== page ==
Like me, most Britain’s can't start their day without a cup of coffee.
In fact, according to the National Coffee Association (NCA), the caffeinated beverage is only getting more and more popular from North to South UK.
An October 2020 NCA survey revealed that overall coffee consumption is up by 7% across the nation since 2018. Additionally, the data showed that 8 in 10 Britons drink coffee every week, and most drink just over three cups per day!
While millions of Brits typically get their caffeine fixes from Starbucks, Costa and other coffee-focused chains, the ongoing coronavirus pandemic has forced many work from homers to brew coffee at home. 75% of UK coffee drinkers haven’t changed their habits, and now drink coffee from home. This means more focus on that barista quality coffee and an interest in different brewing methods and coffee gadgets.
With coffee brewing at home becoming so important, I thought it would be useful to share the most common mistakes people make when brewing a cup of brown gold. These mistakes may not dampen your coffee buzz or ruin your cup of coffee, but why settle for just a normal cup of coffee when you can have an amazing one?
#1 Your coffee beans are not fresh enough.
Freshly roasted coffee beans equal a delicious rich cup.
Buying freshly roasted coffee and storing it correctly to maintain it’s freshness makes a BIG difference to your daily cup.
The time between coffee roasting and brewing is critical to the taste of the final pour. Less time to oxidise means more flavour profiles and defined character.
Coffee education has come along way, but most people buy beans with no information about when the beans were roasted. For those consumers who want better tasting coffee at home, checking the roast date on your pack is the only way to ensure you are getting the freshest beans for the best-tasting brew. Anything over 3 months…. JUST SAY NO!
I highly recommend checking out your local roasteries and swapping commercial supermarket coffee for a fresh roast! Coffee roasteries have come a long way in the last 3 years, with many local areas having their own roastery.
Supermarket coffees tend to be way over 3 months old once they hit the shelves (with uninspiring robusta blends and lack of farmer care )…. by which point the coffee flavour profiles and character have already started to decline.
At Redber our coffee is only roasted to order, date stamped and sent out the same day, so the coffee you receive is phenomenally fresh, and full of flavour.
You can check out our delicious range of coffees here
#2 You're not grinding the coffee beans just before you brew them.
This builds on the previous “less-than-fresh” beans mistake!
Once you grind your fresh coffee beans, they begin to de-gas quite fast. Degassing is the release of gases from roasted coffee. When you roast coffee, carbon dioxide forms inside the bean.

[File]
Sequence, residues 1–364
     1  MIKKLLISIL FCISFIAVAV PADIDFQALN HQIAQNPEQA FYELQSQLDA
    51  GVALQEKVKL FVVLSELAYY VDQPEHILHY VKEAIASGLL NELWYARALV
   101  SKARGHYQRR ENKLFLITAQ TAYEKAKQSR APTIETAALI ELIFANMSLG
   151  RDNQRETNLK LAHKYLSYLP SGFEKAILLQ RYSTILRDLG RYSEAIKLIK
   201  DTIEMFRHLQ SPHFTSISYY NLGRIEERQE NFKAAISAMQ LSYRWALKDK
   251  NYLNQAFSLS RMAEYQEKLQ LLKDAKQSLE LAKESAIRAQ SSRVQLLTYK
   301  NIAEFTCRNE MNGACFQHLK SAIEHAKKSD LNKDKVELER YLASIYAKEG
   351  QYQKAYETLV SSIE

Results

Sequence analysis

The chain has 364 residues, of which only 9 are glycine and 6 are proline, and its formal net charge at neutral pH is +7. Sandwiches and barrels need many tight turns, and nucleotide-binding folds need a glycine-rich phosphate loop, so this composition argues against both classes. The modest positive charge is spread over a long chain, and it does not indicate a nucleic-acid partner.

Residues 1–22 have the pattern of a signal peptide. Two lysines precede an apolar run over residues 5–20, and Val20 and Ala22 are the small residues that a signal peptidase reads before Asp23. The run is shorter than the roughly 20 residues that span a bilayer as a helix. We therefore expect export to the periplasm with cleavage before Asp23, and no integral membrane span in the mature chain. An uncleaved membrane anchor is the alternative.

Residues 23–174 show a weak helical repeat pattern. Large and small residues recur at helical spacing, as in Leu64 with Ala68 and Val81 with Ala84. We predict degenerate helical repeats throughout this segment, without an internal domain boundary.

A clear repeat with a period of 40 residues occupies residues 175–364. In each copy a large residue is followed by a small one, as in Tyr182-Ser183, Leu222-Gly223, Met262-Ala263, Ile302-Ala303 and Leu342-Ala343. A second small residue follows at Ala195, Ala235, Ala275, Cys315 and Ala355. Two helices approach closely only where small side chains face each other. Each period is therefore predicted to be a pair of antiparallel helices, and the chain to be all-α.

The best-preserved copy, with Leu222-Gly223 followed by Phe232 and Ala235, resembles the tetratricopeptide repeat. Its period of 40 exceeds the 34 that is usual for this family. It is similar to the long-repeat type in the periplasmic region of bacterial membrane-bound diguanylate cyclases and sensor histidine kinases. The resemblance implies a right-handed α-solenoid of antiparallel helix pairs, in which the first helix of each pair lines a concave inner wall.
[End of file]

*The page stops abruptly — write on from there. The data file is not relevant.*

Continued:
These gases are released in the first few days after the coffee has been roasted. The problem is that the escaping gases can result in small bubbles releasing, when you brew your coffee. These air pockets can disrupt the surface contact between the coffee grounds and the hot water, leading to an uneven extraction of the aroma and flavour compounds in the dry coffee.
After grinding, you've just got around 30 minutes to an hour of freshness left. Ideally, you have to start the brewing immediately after grinding for the perfect brew!
Check out our recommended grinders here
# 3 You're not rinsing the coffee filter before you use it.
By now, and from reading our other blogs, many people have established that it is essential to buy good quality beans and grind them at home.
However, a mistake that people frequently make is not rinsing the filter paper before brewing. Run a cup of hot water through the filter before brewing, and the coffee will taste a lot cleaner and brighter. If you are using brown filter papers, it's especially vital to pre-rinse them, as they tend to have a cardboard flavour that can ruin even the most exquisite coffee bean.
Need coffee filter suggestions? We always recommend using oxygen-bleached filters from brands such as Hario or Melitta, since they have less chemical flavours. People tend to think that bleached paper filters are harmful to the environment, but oxygen-bleaching is a sustainable technique.
Want to know about filter papers? Check out our filter paper guide!
#4 You're using the wrong brew method.
Even if you're using the exact same coffee bean and roast, every brewing method will bring out a different flavour. Some brew methods make very strong, intense cups, others make very balanced cups, and others make very light, mellow cups
Both espresso and stove top coffee is intense and acidic, whilst coffee made with a French press is rich and mildy acidic. On the other hand, the pour-over/drip method yields rich and balanced coffee and an AeroPress creates a rich and mellow cup.
#5 The wrong roast.
You may end up not liking a particular coffee because of the way the bean has been roasted.